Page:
Blood pressure and ageing: what’s the link?

On my last few visits to see the GP, my blood pressure has been a little high. Not alarmingly high, but high enough for Dr Richard to make note of it and discuss the possibility of medication.

As I suspect many people do, I railed against the idea. Why? I think partly because I’m determined to lower my blood pressure ‘naturally’, through better diet and weight loss. So far, not so good in that department. 

I think there’s also an element of not accepting that I’m getting older. I’m in the final year of my 50s and I like to pretend that I still have the body of a 30-year-old. In recent years my knees and shoulders have been doing their best to remove that pretence, but I’m very stubborn. 

By ignoring the blood pressure readings, I can pretend it’s not an issue. I never have chest pains or obvious indicators of heart trouble. ‘Out of sight, out of mind’ and all that stuff.

But in my more lucid moments I know I’m kidding myself. This is one of those moments. So I’m asking myself, why is my blood pressure elevated? Is it purely a function of diet (mine’s not great) and lack of exercise (the knees and shoulders aren’t helping)? Or is age a factor in blood pressure, too?

Blood pressure as you age – what we know

Does our blood pressure rise as we age? The Australian Bureau of Statistics (ABS) says yes, absolutely. Figures released in December showed a clear and steady increase in blood pressure with age. This was true for both self-reported cases and as measured through health facilities (see chart below). 

A graph of blood pressure

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So now that we know blood pressure is likely to increase with age, my next question is, why? And the answer is straightforward. Most people around my age or older will know the feeling of stiffness when we don’t move for a while. Well, it turns out that it’s not just our joints that stiffen up as we age – our arteries do too.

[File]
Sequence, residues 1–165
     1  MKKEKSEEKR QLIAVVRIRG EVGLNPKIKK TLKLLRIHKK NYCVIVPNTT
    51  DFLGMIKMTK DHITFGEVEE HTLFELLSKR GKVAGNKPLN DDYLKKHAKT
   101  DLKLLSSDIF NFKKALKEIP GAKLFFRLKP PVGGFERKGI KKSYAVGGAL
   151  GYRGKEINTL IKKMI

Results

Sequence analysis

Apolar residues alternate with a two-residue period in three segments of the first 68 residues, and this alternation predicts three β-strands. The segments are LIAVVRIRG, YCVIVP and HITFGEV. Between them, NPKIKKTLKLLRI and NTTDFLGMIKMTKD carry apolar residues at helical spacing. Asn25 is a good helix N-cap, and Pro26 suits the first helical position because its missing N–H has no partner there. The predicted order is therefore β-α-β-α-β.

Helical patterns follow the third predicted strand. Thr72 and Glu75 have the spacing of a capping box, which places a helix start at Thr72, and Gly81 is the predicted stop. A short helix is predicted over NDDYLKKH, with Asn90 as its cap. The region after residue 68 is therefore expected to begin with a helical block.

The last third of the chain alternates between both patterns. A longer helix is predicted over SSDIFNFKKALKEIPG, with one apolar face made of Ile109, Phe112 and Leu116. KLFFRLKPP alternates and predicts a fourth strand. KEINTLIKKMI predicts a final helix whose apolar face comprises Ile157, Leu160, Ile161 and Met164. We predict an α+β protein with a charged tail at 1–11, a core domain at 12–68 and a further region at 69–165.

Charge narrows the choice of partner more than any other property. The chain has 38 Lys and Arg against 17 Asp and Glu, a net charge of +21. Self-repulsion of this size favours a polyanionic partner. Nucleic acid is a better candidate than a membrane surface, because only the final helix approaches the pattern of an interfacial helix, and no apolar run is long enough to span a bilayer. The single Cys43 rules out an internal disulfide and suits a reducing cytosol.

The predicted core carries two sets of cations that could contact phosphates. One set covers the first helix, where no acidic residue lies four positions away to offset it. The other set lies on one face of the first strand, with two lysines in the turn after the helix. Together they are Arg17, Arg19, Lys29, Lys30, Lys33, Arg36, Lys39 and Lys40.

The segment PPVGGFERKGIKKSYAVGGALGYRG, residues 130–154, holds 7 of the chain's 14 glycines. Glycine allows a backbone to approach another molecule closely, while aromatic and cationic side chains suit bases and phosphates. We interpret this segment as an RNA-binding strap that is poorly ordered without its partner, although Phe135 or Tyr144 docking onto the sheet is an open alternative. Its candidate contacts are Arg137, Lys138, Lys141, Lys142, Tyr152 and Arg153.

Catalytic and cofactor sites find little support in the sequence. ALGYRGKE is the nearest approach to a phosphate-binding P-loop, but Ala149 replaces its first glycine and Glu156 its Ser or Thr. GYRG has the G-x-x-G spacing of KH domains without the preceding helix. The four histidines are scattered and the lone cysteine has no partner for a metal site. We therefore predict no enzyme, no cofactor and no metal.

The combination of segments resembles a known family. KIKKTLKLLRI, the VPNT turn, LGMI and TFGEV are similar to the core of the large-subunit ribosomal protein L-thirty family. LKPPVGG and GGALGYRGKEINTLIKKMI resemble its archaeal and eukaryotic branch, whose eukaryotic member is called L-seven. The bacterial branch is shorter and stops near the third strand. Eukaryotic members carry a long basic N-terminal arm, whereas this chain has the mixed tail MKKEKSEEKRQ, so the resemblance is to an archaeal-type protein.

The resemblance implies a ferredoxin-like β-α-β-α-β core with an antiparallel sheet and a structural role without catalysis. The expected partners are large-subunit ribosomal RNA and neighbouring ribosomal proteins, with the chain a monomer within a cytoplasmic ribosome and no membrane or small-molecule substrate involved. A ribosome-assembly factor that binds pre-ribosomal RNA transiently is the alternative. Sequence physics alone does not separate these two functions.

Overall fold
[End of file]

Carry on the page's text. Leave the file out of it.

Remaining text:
Stiff arteries mean restricted blood flow, which means higher blood pressure. Of course, the rate of stiffening will differ among the population, so this will not be a problem for everyone my age. 

It will, however, be a potential problem for some of us, so getting your blood pressure checked regularly makes sense. This becomes more apparent when we factor in the reality that many people with high blood pressure have no symptoms. 

I’m one of those people, and it’s high time I acknowledged that ‘no symptoms’ does not translate to ‘no risk’. 

Mitigating that risk

So, what can people in my situation do to reduce the risk of heart attack or other adverse health events? The simplest thing is, communicate with your health specialist. Not so simple then is following your GP’s advice.

At least not for me. Dr Richard advised me to get my own blood pressure monitor and take regular readings. I dutifully did so, until I moved house, at which point the monitor was packed away. It’s now in one of a bunch of boxes in a storage facility, not doing me any good at all.

So, getting to know what my blood pressure actually is will be a start. The next step will be management if required. Lifestyle changes will almost certainly help reduce it. And those changes will be the ones you are familiar with: lifestyle changes that may help reduce high blood pressure include a healthy diet, lowering alcohol and salt intake, losing excess weight, getting more exercise and quitting smoking. And, though it pains me to say it (just finishing my second coffee of the morning), reducing your caffeine intake.

Blood pressure medication

This will not be easy for some. And others who manage to achieve some or all of the above may still have elevated blood pressure. The solution for those people may indeed be medication. 

There are several blood pressure medications available, and your health professional will be best placed to advise you on what’s appropriate for you. 

Having to take medication might not be an exciting prospect, particularly if you’re already taking other medications for other conditions. For me, adding another daily tablet might mean getting a bigger daily pill dispenser!

Still, that’s surely a better alternative than having a heart attack. 

Do you know what your blood pressure is? When was the last time you had it checked? Let us know via the comments section below.

Also read: Untreated high blood pressure linked to dementia

Disclaimer: This article contains general information about health issues and is not advice. For health advice, consult your medical practitioner.

Andrew Gigacz
Andrew Gigacz
Andrew has developed knowledge of the retirement landscape, including retirement income and government entitlements, as well as issues affecting older Australians moving into or living in retirement. He's an accomplished writer with a passion for health and human stories.


  1. I certainly know what it is. It gets taken every fortnight when I give plasma. That’s not why I give plasma, but it is a side-benefit. I urge everyone who can to give plasma or whole blood regularly.

  2. Couldn’t agree more with Rod. BP gets checked every fortnight when I donate plasma and I also have a BP monitor at home which I use occasionally.

    I’m currently on BP medication which keeps my BP very close to the ideal 120/80 and the dosage hasn’t changed in 25 years.

    One very small tablet every morning for the knowledge that all is under control.

    Very easy to do.

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